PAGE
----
Cosmic ‘needle in a haystack’: First ‘dormant’ black hole discovered outside the Milky Way

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Cosmic ‘needle in a haystack’: First ‘dormant’ black hole discovered outside the Milky Way

The first “dormant” black hole has been discovered by astronomers who are calling it a cosmic “needle in a haystack”.

This black hole differs from every other one discovered so far because it is not emitting powerful X-ray radiation.

All other known black holes are extremely dense objects with such massive gravitational pull that not even light can escape.

It also doesn’t appear to have been born out of a supernova, the stellar explosion some stars experience at the end of their lives which leads to the creation of a black hole, further puzzling the team which discovered it.

This black hole has a mass at least nine times greater than our Sun (which is 333,000 times the mass of our planet Earth).

It is part of a binary system, with a star that has a mass around 25 times our Sun orbiting it - a star the team think will one day become a black hole, which could merge with the other one.

The binary system was detected in the Tarantula Nebula region of the Large Magellanic Cloud galaxy, located about 160,000 light years from Earth. A light year is the distance light travels in a year, around 9.5 trillion km.

While the scientists believe it is the first dormant black hole to be discovered, they are not thought to be especially rare.

"The challenge is finding those objects," said Tomer Shenar, a research fellow in astronomy at Amsterdam University, lead author of the study published in the journal Nature Astronomy.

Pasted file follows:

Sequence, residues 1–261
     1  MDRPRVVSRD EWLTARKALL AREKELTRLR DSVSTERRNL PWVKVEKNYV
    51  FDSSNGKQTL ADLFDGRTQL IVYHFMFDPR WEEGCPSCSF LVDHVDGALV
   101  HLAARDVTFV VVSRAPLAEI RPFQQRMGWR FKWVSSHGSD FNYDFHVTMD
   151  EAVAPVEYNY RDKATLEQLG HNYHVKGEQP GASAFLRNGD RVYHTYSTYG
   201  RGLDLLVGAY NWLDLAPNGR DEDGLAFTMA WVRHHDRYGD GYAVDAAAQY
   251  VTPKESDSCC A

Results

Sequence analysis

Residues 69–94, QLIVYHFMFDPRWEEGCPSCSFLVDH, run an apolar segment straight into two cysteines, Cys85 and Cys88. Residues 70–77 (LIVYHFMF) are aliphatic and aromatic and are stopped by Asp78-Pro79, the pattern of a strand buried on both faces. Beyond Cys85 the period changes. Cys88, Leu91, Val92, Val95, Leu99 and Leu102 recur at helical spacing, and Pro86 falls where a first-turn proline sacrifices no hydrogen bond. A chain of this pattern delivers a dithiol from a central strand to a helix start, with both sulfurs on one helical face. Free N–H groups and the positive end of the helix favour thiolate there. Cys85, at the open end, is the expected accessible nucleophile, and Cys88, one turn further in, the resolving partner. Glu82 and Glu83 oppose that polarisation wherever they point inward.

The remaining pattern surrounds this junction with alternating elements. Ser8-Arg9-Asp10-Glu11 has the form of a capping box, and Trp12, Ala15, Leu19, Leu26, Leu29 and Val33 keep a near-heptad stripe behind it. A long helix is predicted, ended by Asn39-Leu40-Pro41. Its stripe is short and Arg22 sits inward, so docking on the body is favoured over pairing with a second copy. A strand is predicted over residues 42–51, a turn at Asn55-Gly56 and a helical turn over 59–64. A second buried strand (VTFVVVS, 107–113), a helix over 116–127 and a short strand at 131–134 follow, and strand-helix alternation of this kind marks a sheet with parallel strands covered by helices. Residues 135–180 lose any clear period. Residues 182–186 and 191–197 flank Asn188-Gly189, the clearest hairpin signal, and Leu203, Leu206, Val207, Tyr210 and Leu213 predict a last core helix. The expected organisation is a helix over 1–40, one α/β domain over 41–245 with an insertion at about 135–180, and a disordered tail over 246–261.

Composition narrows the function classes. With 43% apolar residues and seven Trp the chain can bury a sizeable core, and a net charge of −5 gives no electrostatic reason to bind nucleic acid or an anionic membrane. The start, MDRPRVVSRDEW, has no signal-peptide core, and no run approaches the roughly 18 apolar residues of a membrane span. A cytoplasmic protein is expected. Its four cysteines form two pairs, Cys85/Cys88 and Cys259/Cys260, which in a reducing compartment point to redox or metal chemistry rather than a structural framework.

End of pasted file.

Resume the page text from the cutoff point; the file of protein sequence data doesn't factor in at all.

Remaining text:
They are hard to detect because they hardly interact with their surroundings, and a number of previous candidates for the status of “dormant black hole” have been debunked by further study - including by members of the team that found this one.

"Black holes are intrinsically dark objects. They do not emit any light. Therefore, in order to detect a black hole, we usually look at binary systems in which we see one luminous star moving around a second, not-detected object," said study co-author Julia Bodensteiner, a postdoctoral research fellow at the European Southern Observatory in Munich.

"We identified a needle in a haystack,” Shenar added.

‘First object of its kind discovered’

It is thought that most black holes are born from supernova explosions as star’s collapse in on themselves. In this case, a star perhaps 20 times our Sun's mass blew some of its material into space, then collapsed in on itself without an explosion.

The shape of its orbit with its companion offers evidence for the lack of an explosion.

"The orbit of the system is almost perfectly circular," Shenar said.

"In so-called dormant black hole systems, the companion is far enough away that the material does not accumulate around the black hole to heat up and emit X-rays. Instead, it is immediately swallowed by the black hole," he added.

If a supernova occurred, the blast's force would have kicked the newly-formed black hole in a random direction and yielded an elliptical rather than circular orbit, Shenar noted.

"It's the first object of its kind discovered after astronomers have been searching for decades," said astronomer and study co-author Kareem El-Badry of the Harvard & Smithsonian Center for Astrophysics.

The researchers used six years of observations from the European Southern Observatory's Chile-based Very Large Telescope.

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